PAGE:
"So, I guess the point I’m making is, The Blues has never been ‘A Man’s World’! Today there are so so many great blues women, many of whom I’ve had the pleasure of sharing the bill with; Susan Tedeschi, Shemekia Copeland, Samantha Fish, Debbie Davis, Gina Sicillia and Joanne Shaw Taylor to name just a few..."
Dani Wilde: British Blues Belle
Over the past years Blues and Country singer-songwriter Dani Wilde has performed at thousands of venues and festivals across Europe, America, Canada and Africa; from the main stage at London’s Royal Albert Hall, to the slum communities of Kenya, to Times Square – New York City. On October 11th 2017, following BBC Radio 2 airplay and the support of many independent radio stations, Wilde hit the Number 5 spot in the UK I-Tunes Blues Charts, placing her alongside her contemporaries Van Morrison, Beth Hart, Joe Bonamassa and Jonny Lang. In September 2015, Wilde was awarded 'Best Female Vocalist" at the British Blues Awards. On her travels, Wilde has performed as the opening act for Jools Holland (with the Chris Holland Band), Nazareth, Johnny Winter, Journey, Foreigner, Maddie Prior (Steeleye Span) and Robben Ford, to name but a few. Wilde has performed on The Legendary Rhythm and Blues Cruise alongside her hero’s Bobby Blue Bland, Bobby Womack and Taj Mahal. Live collaborations have included sharing the stage with Pee Wee Ellis, Christopher Holland, Samantha Fish (Girls With Guitars) and Sue Foley as well as recording with top producers Mike Zito and the legendary Mike Vernon.
(Dani Wilde / Photo © by Adam Kennedy)
Wilde has released three solo studio albums plus a ‘Girls With Guitars’ album for Ruf Records. She also manages her own independent record label “Bri-Tone Records”. In 2017 Wilde signed to VizzTone Label Group in the USA. A passionate advocate for the charity ‘Moving Mountains’ Dani Wilde is also recognized for her humanitarian work fighting to prevent child poverty in Kenya. December 2022, released the single "You Are My Sunshine/Didn't It Rain", features her talented friend Christopher Holland on Piano. British Blues Award winner Dani Wilde releases a new single, “I Miss The World” (2023, Vizztone) featuring her brother, celebrated blues harp player Will Wilde. Dani says: "I wrote this song when I was feeling a mixture of nostalgia for the childhood Will and I had growing up in Wiltshire in the 80s and 90s and a sadness about the world now. Its about missing a simpler time, before the internet, and mobile phones, when kids played out in the streets on their bikes until the street lights came on and then we would venture home, before COVID and lockdowns, before Brexit when musicians could so easily tour in Europe, before we had war in Europe."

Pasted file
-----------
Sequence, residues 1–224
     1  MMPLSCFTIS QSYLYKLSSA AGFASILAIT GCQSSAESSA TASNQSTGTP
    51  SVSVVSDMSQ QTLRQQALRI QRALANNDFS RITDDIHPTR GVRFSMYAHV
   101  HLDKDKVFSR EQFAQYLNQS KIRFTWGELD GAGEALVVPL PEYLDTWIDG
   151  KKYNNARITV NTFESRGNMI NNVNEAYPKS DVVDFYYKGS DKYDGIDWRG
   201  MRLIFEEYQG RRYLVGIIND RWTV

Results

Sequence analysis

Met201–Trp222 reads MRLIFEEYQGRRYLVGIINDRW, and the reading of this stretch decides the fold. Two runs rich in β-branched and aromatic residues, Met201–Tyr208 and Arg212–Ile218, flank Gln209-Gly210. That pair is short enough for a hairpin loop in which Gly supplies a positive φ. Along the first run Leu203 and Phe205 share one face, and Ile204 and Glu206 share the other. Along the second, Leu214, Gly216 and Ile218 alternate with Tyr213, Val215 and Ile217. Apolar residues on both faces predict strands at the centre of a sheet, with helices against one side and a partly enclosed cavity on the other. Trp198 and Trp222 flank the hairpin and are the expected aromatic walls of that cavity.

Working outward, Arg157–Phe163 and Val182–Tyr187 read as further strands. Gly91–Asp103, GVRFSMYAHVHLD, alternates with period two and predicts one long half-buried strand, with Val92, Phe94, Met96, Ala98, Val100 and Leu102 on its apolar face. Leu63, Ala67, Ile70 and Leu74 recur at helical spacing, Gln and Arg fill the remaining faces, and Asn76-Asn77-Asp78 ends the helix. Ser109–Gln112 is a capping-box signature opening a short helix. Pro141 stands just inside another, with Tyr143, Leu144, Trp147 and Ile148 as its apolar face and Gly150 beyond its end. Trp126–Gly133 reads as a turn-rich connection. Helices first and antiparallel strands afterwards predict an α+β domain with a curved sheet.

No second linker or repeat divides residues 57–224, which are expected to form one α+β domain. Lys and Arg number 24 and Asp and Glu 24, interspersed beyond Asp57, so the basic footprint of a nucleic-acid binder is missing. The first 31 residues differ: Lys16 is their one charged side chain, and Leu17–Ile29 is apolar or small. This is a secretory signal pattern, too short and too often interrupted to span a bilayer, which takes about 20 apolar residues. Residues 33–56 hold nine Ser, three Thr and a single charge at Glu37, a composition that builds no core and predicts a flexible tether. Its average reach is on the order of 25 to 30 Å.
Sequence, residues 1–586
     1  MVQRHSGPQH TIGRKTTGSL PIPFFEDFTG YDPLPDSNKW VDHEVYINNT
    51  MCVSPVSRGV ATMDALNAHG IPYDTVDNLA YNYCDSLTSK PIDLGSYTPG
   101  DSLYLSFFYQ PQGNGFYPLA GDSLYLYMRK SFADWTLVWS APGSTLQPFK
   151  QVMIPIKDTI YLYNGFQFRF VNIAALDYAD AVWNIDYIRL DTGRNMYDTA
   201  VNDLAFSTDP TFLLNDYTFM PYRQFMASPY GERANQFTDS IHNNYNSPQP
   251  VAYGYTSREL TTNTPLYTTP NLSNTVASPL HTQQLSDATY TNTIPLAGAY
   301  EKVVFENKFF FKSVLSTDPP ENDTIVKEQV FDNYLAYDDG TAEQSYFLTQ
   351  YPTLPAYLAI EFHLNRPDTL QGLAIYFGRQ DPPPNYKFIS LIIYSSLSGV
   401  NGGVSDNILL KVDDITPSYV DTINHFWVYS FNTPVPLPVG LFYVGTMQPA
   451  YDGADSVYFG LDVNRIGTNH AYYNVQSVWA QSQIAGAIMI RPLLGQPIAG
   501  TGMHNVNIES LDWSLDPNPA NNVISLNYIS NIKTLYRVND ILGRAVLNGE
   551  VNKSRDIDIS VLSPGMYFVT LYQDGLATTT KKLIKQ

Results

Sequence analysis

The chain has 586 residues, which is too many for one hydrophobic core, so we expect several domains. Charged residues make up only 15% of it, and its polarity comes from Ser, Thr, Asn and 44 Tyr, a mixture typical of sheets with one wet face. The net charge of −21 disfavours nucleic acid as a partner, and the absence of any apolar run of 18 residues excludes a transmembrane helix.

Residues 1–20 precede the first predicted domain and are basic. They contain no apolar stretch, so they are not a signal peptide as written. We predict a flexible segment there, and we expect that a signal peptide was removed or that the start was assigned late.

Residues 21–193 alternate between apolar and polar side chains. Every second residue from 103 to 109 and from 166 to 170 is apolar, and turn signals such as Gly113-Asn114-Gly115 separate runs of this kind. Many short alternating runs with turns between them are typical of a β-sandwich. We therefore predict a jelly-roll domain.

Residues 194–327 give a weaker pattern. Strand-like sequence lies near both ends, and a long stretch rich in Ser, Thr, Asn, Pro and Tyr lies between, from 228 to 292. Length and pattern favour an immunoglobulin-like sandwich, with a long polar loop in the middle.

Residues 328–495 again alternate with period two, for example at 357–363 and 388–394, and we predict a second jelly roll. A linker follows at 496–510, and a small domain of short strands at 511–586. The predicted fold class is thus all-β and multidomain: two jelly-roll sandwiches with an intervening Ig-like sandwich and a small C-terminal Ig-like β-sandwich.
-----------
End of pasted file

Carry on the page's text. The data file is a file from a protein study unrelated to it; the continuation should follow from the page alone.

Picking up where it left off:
Interview by Michael Limnios Archive: Dani Wilde, 2020 interview @ blues.gr
How do you think that you have grown as an artist since you first started making music?
I think I’ve grown a lot. It’s been 16 years since I signed my first record deal with Ruf Records. I feel I’m a far better musician, songwriter and singer now than I was at the beginning. On my first record, I was so young, and I got to work with world class musicians, but I didn’t really have my own identity within the sound the producer created for me.
Since then, I’ve had the huge privilege of touring the world over and working alongside so many musicians who have inspired and encouraged me: Laura Chavez and Deborah Coleman taught me guitar licks on my first Blues Caravan tour, Candye Kane showed me how to sing about things of importance with feeling, Pee Wee Ellis showed me to always perform with love in my heart. I’ve shared festival bills with my blues and soul idols from Koko Taylor to Bobby Womack and soaked up all I can, just from being in their presence.
Today, with my records for Vizztone, I have the creative control; I MD my material and I have the confidence to do that now. Vocally, I’m a better technician now – I have the tone I want, and the diaphragm control to sing things that I would’ve struggled with when I was 21. My ears hear things with a precision I didn’t have when I was starting out and I listen back to my own work throughout the creative process with a more critical ear these days. That being said, I always try to push myself to grow more – It's an ongoing creative journey.
What has remained the same about your music-making process?